The American Prospect: Karl Rove’s “Dark Money” Machine Is Now Tax-Exempt. Here’s Why That Matters
The ruling drew fire from such watchdog groups as the Campaign Legal Center and Democracy 21, which have lodged multiple complaints against Crossroads GPS with the IRS, the Federal Election Commission, and even the Department of Justice’s Tax Division. The complaints allege that Crossroads GPS is spending millions on direct campaign activities while masquerading as a benign nonprofit.
“It is a dangerous victory for those in Congress who have relentlessly bullied the IRS into refusing to enforce the laws limiting the political advocacy of tax exempt organizations,” Larry Noble, general counsel for the Campaign Legal Center, said in a statement.
“By allowing an organization like Crossroads GPS to spend in our elections secretly and with impunity, the IRS has all but guaranteed that similar ‘dark money’ groups will proliferate,” warned Noble.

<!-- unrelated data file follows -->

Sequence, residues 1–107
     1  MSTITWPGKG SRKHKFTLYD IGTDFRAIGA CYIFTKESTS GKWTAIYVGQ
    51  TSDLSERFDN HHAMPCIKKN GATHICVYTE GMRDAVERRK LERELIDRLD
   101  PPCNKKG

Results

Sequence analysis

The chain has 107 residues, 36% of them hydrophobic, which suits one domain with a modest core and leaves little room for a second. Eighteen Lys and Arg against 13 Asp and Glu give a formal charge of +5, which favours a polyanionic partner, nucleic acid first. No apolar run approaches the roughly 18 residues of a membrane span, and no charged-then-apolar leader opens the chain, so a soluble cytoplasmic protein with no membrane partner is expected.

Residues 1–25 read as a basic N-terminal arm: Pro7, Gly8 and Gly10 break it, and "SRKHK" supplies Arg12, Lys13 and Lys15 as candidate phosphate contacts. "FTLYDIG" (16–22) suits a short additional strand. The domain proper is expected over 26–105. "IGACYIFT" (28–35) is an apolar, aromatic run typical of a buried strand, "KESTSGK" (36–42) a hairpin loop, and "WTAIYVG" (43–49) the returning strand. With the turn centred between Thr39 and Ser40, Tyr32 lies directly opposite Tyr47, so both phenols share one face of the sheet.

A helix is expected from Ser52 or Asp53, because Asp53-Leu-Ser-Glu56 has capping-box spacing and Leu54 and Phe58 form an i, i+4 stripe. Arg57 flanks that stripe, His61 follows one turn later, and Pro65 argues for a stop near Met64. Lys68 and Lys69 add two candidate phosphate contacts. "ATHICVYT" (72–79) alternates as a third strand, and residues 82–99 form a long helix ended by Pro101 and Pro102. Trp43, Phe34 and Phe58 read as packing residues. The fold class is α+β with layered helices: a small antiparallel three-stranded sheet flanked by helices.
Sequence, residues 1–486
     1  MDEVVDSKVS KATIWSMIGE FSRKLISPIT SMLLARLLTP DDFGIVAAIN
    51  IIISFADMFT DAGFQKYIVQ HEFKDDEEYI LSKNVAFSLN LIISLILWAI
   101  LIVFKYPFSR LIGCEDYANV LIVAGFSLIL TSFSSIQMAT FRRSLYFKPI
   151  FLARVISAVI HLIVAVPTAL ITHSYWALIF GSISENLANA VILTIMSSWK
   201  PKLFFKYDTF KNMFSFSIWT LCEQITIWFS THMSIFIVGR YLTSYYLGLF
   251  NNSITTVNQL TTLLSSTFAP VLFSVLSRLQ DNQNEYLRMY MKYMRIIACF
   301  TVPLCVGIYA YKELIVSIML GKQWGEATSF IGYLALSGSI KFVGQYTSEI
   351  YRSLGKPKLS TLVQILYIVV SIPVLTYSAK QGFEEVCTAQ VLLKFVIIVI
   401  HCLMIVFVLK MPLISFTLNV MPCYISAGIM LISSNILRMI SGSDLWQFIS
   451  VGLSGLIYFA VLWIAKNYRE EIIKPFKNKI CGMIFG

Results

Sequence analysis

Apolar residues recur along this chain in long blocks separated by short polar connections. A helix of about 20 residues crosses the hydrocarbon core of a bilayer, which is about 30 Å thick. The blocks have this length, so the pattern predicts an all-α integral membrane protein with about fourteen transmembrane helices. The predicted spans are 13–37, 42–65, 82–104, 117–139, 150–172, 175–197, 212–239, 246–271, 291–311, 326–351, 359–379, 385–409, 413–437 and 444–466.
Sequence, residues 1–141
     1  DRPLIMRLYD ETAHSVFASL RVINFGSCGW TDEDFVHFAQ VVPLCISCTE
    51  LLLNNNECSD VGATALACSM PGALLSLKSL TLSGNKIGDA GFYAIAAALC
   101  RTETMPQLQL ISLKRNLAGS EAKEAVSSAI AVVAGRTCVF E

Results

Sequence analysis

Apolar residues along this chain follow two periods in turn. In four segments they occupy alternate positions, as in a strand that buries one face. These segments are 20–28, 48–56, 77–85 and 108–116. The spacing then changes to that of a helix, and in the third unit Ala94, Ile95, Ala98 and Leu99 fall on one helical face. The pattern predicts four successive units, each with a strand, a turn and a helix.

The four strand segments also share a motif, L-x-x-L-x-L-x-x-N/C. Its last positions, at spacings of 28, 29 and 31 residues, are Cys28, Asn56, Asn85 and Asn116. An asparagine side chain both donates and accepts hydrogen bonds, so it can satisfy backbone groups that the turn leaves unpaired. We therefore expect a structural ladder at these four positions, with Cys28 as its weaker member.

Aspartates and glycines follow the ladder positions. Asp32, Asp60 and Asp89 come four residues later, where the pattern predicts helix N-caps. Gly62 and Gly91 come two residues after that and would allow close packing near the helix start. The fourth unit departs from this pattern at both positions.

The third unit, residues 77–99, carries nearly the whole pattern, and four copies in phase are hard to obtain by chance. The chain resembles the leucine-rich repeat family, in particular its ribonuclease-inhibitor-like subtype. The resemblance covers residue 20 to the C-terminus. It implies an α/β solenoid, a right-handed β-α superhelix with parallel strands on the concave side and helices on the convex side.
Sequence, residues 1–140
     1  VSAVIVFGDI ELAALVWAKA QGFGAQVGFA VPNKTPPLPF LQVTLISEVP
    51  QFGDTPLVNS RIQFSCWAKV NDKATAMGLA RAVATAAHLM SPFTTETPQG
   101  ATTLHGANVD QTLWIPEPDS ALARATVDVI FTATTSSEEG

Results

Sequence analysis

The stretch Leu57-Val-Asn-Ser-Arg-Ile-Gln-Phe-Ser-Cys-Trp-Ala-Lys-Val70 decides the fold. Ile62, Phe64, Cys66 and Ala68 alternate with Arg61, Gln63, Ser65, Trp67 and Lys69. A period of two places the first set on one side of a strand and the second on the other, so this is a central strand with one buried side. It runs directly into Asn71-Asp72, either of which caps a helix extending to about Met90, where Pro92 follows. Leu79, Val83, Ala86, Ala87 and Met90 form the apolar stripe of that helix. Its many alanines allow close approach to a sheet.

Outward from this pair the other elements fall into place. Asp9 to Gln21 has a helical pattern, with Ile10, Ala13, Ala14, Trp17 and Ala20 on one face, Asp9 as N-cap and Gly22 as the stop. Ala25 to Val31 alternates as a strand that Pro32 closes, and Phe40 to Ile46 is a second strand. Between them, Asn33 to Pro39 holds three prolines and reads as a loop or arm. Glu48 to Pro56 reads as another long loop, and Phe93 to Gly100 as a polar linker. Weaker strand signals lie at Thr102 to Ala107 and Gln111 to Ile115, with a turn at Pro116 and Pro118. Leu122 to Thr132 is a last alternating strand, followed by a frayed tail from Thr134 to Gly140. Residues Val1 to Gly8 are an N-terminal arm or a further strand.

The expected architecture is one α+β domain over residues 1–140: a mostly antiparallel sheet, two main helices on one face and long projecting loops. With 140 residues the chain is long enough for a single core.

At the same time, the Campaign Legal Center and Public Citizen are suing the FEC for dismissing the two groups’ complaint alleging that Crossroads GPS should be defined as a political committee. The FEC’s general counsel concluded that Rove’s group was likely in violation of campaign-finance laws, but the commission deadlocked along party lines and took no enforcement action on those findings. That lawsuit is still working its way through the courts.
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